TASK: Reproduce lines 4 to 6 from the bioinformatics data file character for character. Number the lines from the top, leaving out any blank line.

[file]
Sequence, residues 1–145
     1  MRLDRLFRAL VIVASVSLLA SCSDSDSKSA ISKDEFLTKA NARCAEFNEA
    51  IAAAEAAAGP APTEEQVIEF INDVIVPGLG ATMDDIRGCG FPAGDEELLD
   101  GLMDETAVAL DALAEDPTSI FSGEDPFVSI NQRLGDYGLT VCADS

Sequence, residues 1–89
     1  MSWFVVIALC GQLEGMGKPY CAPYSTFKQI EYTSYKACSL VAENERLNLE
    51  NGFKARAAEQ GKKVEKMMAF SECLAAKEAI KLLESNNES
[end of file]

   101  GLMDETAVAL DALAEDPTSI FSGEDPFVSI NQRLGDYGLT VCADS

Sequence, residues 1–89
     1  MSWFVVIALC GQLEGMGKPY CAPYSTFKQI EYTSYKACSL VAENERLNLE